Thank you for sharing!

Your article was successfully shared with the contacts you provided.
Click here for the full text of this decision FACTS:On Nov. 25, 2003, Kenneth Whitney’s mobile home was completely destroyed by fire. Whitney notified his insurer, Foremost County Mutual Insurance Co., the same day. The next day, a Foremost adjuster, Jim Doland, inspected the site, and Whitney authorized the release of his financial and employment records. On Dec. 8, 2003, Foremost sent Whitney a “reservation of rights” letter saying that there was still an issue over whether the event would be covered because there were indications the fire was not accidental. The letter specifically stated that Foremost was not waiving any of its rights or defenses, and that the investigation was continuing. The letter also asked Whitney for his full cooperation. On Jan. 9, 2004, as part of its continued investigation, Foremost asked Whitney for property summary sheets and receipts for living expenses. On Jan. 22, Doland received the final report from the investigation, concluding that the fire was likely the product of arson. Doland suspected Whitney, because of his proximity to the fire. Whitney’s policy stated that upon request, the insured shall “submit and subscribe examinations under oath conducted by anyone designated by the Company.” On Feb. 17, Foremost asked Whitney to provide an examination under oath (EUO). The request was repeated on Feb. 26 to Whitney’s attorney. Whitney refused. Foremost denied coverage. In response, Whitney sued Foremost for breach of contract and violations of the Insurance Code and the Deceptive Trade Practices Act. He also sued Doland for DTPA violations. Foremost filed a plea in abatement on the ground that Whitney had not cooperated by filing his EUO. Foremost pointed to the provision in Whitney’s policy that states, “no action shall lie against the Company unless, as a condition precedent thereto, the Insured shall have fully complied with the terms of this policy.” The trial court denied the plea in abatement, and Foremost petitioned for a writ of mandamus. HOLDING:Writ conditionally granted. The court takes stock of Whitney’s argument, which is that Foremost waived its right to get an EUO from him because the insurer’s request was untimely. Whitney relies on Texas Insurance Code Article 21.55, the prompt-payment of claims section, which says that within 15 days of receiving notice of a claim, the insurer shall acknowledge the claim’s receipt, start an investigation and request all information the insurer reasonably believes will be needed to adjust the claim, though additional items may be requested later as they arise. The court finds that the plain language of the statute negates Whitney’s argument, since requests for information can be made outside the 15-day window “if, during the investigation, such additional requests are necessary.” The court determines that a EUO is one of these records that may become necessary, as it would provide information pertinent to the determination of the cause and origin of the fire. The court also finds that Whitney’s argument ignores the purpose of Article 21.55, which is to promote prompt payment. The general rule is that records should be requested within 15 days, but there is an exception. The exception does not render the 15-day rule meaningless because the exception only applies to additional records that may become necessary. It is undisputed that Foremost first requested records and information within 15 days of the fire. The request for a EUO was made after receiving the final investigation report. “We find that Foremost, by waiting until February to determine whether to request Whitney’s EUO in a claim possibly involving arson, did”nothing inconsistent with an intent to rely upon’ its right to obtain the examination. . . . Accordingly, we find as a matter of law that Foremost did not waive its contractual right to take Whitney’s EUO.” The court then holds that since Whitney’s policy required him to submit to an EUO as a conditional precedent to filing suit, Foremost’s proper remedy is abatement. Mandamus is thus an appropriate remedy. The court adds that the public interest in granting mandamus relief in this case is strong, as insurers have the duty to reasonably investigate claims, and enforcing EUO clauses allows insurers to do that. OPINION:Per curiam; McKeithen, C.J., Gaultney and Horton, JJ.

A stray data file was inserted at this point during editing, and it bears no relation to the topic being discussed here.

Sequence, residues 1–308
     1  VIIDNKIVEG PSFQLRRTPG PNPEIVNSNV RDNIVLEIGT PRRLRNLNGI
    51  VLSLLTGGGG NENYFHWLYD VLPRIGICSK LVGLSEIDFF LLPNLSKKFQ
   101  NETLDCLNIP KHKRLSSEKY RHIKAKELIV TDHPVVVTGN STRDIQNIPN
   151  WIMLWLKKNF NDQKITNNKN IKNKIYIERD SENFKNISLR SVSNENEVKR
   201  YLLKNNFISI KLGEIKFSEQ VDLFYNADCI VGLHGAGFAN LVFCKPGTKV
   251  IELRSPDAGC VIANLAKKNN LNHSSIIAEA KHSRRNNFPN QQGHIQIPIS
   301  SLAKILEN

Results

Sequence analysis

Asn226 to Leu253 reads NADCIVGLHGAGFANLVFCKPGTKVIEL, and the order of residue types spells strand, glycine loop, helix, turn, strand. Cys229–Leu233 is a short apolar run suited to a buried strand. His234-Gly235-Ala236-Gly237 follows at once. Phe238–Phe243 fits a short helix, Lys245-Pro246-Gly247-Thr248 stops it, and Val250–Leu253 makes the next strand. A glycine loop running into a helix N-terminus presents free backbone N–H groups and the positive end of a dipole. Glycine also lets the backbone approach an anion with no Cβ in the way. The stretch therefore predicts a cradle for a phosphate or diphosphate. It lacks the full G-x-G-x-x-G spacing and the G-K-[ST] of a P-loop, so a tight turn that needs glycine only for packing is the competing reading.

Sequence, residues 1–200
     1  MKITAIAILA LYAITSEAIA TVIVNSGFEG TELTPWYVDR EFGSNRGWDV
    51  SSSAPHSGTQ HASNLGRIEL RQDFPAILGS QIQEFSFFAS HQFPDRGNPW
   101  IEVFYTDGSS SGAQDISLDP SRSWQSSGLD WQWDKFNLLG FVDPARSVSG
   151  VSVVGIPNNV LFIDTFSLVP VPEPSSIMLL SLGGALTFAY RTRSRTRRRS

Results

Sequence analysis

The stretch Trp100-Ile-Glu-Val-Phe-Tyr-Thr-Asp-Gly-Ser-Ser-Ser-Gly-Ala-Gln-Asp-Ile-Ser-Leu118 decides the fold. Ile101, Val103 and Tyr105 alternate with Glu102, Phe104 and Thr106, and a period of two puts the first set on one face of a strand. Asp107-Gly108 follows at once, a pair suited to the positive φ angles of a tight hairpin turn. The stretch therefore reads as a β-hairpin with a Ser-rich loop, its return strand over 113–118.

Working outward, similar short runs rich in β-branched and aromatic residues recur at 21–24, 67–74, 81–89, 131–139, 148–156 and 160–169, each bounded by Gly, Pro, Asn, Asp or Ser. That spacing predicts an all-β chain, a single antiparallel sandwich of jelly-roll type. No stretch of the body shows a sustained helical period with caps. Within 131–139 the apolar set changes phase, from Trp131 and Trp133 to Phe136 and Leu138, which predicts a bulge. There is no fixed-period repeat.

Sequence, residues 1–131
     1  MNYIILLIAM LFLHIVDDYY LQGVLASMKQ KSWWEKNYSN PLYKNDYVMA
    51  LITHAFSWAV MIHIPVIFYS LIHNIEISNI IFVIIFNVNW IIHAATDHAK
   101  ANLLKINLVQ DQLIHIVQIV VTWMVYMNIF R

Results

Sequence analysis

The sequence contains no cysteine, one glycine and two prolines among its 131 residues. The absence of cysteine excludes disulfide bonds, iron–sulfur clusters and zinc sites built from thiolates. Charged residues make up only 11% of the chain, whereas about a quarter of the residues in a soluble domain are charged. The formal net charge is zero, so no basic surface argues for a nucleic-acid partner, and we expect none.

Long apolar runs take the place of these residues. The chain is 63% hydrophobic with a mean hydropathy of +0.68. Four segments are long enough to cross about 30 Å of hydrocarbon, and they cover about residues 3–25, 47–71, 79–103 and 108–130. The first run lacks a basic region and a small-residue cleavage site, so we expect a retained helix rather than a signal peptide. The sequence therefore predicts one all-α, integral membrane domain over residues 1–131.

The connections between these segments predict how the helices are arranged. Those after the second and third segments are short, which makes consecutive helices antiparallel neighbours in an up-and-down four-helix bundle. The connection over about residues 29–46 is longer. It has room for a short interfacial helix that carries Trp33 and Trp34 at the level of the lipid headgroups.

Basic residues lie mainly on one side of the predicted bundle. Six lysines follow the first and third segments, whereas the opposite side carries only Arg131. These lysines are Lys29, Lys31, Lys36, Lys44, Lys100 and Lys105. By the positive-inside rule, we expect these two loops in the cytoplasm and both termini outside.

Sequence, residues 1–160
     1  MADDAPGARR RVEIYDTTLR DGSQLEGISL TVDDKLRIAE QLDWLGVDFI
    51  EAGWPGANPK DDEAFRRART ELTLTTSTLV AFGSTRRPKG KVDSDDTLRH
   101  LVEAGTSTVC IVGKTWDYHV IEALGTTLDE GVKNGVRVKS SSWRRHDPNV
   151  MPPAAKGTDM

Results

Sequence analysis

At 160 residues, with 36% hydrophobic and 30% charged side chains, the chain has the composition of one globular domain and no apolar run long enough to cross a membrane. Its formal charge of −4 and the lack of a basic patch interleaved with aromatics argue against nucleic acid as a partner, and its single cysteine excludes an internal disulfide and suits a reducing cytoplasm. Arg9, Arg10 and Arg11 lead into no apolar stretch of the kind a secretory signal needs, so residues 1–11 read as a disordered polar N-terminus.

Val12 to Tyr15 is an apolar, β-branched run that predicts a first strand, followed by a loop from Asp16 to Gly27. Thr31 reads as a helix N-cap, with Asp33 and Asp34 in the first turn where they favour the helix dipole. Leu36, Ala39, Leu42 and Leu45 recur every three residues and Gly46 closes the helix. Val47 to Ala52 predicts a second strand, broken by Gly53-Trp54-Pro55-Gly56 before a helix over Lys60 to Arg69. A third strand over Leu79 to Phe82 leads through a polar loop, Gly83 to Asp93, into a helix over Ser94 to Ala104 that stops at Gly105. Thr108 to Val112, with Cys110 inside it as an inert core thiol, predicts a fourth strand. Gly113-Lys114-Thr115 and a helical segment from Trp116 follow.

Want to continue reading?
Become a Free ALM Digital Reader.

Benefits of a Digital Membership:

  • Free access to 1 article* every 30 days
  • Access to the entire ALM network of websites
  • Unlimited access to the ALM suite of newsletters
  • Build custom alerts on any search topic of your choosing
  • Search by a wide range of topics

*May exclude premium content
Already have an account?

Reprints & Licensing
Mentioned in a Law.com story?

License our industry-leading legal content to extend your thought leadership and build your brand.


ALM Legal Publication Newsletters

Sign Up Today and Never Miss Another Story.

As part of your digital membership, you can sign up for an unlimited number of a wide range of complimentary newsletters. Visit your My Account page to make your selections. Get the timely legal news and critical analysis you cannot afford to miss. Tailored just for you. In your inbox. Every day.

Copyright © 2021 ALM Media Properties, LLC. All Rights Reserved.